Oral pain meds overtake injectable therapies as preferred treatment for multiple sclerosis

May 8, 2015

Oral therapies are revolutionizing the treatment paradigm of multiple sclerosis (MS), offering enhanced dosing and patient compliance, according to new analysis. Frost & Sullivan’s A Product and Pipeline Analysis of the Multiple Sclerosis Therapeutics Market found that recent therapeutic advancements aim at improving the tolerability of existing products, specifically for interferon beta and glatiramer acetate. Developing anti-inflammatory medications has also been a key area of focus.

Oral therapies are revolutionizing the treatment paradigm of multiple sclerosis (MS), offering enhanced dosing and patient compliance, according to new analysis.

Frost & Sullivan’s A Product and Pipeline Analysis of the Multiple Sclerosis Therapeutics Market found that recent therapeutic advancements aim at improving the tolerability of existing products, specifically for interferon beta and glatiramer acetate. Developing anti-inflammatory medications has also been a key area of focus.

Related:FDA approves Copaxone for MS; problems persist

Vivekanandan“The United States MS market is entering a new phase of growth that is driven by the development of innovative therapeutic platforms,” said Frost & Sullivan Healthcare Industry Analyst Aish Vivekanandan. “Oral therapies are revolutionizing the treatment paradigm of MS by improving dosing and patient compliance. Biogen’s Tecfidera, in particular, has been a game changer in the US MS market, stealing shares from older therapies.”

Physicians prefer Avonex, Betaferon, Copaxone, Rebif, or ABCRs, as first-line therapy because of the 10 years of clinical data establishing their efficacy and safety, according to the analysis.

“The existing interferon therapies-Avonex, Rebif, Betaseron/Extavia, and Plegridy, along with novel therapies such as Copaxone, Tysabri, Novantrone, Gilenya, and Tecfidera-have helped build a patient base in a market that has a very high degree of unmet medical needs,” added Vivekanandan.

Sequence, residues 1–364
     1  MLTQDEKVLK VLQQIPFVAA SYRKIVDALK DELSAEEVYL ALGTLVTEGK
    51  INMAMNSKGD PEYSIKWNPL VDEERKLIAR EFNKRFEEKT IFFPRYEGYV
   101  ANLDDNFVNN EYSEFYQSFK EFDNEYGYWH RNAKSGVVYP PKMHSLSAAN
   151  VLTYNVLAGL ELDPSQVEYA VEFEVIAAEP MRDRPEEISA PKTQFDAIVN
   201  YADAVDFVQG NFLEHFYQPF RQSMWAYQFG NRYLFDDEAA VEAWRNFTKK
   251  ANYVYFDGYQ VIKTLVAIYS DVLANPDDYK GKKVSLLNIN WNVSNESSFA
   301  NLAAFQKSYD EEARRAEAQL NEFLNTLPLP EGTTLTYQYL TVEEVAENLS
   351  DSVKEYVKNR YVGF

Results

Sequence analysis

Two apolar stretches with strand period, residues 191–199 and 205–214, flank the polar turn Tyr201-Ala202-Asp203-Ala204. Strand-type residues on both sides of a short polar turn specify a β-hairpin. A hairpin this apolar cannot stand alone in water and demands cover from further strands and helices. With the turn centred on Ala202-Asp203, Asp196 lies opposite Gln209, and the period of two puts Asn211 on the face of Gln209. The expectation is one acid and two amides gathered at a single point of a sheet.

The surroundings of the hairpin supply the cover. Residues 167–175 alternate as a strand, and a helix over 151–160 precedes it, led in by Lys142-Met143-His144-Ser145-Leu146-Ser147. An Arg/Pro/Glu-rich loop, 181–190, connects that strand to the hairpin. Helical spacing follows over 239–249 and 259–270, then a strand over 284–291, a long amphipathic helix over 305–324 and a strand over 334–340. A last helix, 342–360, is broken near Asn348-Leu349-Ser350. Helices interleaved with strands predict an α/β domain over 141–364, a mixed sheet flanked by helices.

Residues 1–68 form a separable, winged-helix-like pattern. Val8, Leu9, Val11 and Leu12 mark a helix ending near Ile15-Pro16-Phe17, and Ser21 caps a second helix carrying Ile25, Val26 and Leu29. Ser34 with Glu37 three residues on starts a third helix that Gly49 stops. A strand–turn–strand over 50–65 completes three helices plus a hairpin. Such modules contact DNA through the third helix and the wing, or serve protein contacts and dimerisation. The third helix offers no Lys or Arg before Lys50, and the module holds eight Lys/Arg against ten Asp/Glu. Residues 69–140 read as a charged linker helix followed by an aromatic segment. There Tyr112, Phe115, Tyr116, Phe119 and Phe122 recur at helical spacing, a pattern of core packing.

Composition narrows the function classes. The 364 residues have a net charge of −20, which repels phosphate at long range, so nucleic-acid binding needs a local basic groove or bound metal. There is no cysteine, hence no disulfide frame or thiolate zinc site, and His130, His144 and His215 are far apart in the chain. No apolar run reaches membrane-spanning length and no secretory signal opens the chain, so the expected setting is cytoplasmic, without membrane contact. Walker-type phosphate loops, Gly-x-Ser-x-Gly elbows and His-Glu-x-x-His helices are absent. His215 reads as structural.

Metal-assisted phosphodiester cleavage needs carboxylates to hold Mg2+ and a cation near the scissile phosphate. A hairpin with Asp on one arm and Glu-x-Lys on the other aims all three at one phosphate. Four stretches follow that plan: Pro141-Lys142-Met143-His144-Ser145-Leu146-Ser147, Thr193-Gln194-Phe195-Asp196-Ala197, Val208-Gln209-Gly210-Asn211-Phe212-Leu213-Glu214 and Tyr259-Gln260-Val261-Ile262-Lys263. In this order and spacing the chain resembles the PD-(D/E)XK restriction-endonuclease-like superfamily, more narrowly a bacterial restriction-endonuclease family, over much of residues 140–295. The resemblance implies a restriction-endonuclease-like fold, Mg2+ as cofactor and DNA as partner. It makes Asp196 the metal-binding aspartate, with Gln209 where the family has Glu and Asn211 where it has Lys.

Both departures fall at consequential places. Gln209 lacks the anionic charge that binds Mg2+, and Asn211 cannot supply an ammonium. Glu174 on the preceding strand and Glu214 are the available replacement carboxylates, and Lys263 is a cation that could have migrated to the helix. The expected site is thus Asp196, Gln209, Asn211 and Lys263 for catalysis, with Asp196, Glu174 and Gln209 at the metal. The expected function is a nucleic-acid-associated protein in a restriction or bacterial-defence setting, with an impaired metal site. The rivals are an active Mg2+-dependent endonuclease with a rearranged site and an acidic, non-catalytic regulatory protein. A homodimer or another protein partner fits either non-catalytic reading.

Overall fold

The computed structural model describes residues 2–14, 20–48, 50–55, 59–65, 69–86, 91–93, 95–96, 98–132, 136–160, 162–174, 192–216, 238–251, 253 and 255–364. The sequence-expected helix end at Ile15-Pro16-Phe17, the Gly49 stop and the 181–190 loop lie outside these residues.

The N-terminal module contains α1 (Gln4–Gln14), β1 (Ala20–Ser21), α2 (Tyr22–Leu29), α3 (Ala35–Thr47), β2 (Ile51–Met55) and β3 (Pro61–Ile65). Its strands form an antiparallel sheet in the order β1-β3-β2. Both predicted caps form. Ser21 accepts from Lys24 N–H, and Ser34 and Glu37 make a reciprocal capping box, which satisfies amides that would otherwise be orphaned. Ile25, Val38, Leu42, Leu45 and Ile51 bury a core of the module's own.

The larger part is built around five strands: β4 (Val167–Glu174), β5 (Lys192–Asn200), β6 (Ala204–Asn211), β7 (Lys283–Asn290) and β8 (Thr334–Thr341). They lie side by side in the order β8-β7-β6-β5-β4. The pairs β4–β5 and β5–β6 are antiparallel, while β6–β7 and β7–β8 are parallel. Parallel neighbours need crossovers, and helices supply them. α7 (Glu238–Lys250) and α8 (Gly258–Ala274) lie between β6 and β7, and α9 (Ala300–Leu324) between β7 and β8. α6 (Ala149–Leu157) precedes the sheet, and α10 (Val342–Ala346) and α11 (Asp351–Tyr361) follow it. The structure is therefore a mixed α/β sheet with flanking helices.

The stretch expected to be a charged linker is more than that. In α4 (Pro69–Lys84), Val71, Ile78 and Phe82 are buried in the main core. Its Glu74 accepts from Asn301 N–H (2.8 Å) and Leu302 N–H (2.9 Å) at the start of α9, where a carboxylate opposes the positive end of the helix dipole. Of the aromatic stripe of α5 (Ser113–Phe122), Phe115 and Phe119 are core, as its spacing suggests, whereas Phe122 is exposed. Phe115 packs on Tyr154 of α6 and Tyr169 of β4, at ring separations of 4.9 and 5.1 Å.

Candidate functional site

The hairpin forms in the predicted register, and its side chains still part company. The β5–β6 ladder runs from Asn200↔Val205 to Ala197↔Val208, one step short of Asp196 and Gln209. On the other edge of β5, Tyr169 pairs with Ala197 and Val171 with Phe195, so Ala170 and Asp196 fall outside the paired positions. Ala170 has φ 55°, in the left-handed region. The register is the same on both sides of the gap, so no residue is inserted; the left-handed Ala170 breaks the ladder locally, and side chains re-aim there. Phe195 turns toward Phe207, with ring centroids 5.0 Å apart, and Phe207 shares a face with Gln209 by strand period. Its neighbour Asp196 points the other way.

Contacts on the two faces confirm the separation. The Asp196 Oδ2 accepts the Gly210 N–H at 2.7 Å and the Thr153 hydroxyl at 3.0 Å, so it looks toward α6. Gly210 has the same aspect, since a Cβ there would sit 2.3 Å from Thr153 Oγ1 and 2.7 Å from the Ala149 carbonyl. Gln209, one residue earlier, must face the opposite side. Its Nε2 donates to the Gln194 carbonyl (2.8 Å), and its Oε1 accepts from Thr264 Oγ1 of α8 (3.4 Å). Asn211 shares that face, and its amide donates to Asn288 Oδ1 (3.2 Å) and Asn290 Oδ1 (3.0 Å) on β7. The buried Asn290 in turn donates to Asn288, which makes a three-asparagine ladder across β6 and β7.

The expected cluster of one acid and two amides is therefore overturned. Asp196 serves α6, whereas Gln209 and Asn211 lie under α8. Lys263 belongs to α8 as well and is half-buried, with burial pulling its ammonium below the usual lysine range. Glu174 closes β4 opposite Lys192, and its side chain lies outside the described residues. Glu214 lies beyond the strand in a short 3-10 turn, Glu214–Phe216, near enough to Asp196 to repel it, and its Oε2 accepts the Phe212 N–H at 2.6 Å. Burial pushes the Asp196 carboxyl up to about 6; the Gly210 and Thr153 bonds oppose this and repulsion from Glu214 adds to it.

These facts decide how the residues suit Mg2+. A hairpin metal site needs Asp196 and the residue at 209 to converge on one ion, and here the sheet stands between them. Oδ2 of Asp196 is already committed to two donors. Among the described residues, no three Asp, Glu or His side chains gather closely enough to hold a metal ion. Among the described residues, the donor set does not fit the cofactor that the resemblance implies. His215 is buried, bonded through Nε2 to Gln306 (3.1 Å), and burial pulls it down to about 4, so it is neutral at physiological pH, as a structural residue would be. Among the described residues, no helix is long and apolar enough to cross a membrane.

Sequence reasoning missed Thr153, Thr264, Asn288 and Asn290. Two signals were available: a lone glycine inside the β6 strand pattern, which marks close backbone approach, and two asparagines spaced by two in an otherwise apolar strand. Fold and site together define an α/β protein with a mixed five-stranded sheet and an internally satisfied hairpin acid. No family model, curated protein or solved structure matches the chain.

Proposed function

Recent therapeutics advances focus on a few factors, according to Vivekanandan:

  • Improving tolerability of existing products specifically for interferon beta and glatiramer acetate

  • Development of anti-inflammatory medications

  • More clinical studies done investigating treatments in progressive MS

  • Many clinical studies now include effects of Vitamin D in relapsing-remitting multiple sclerosis (RRMS)

RRMS is the most common form of MS particularly in the United States and Europe, and garners immense attention from drug manufacturers. Although, therapeutic drug development in the primary progressive multiple sclerosis (PPMS) segment leaves a lot to be desired, according to the analysis.

Related:New drug approved by FDA for the treatment of relapsing MS

Drug manufacturers are now investing in R&D to achieve a greater understanding of PPMS disease pathology and reach this untapped market. Clinical studies researching the treatment of progressive MS and investigating the effects of vitamin D in relapsing MS are also under way.

“Newer treatments have the potential to treat refractory MS patients as well as patients suffering from PPMS,” she said.

Many pharmaceutical companies are gradually realizing the importance of long-term clinical studies for drugs, noted Vivekanandan. “This awareness could spur pharmaceuticals to develop low-risk drugs for the treatment of MS and build a patient base in a market with huge unmet medical needs.”

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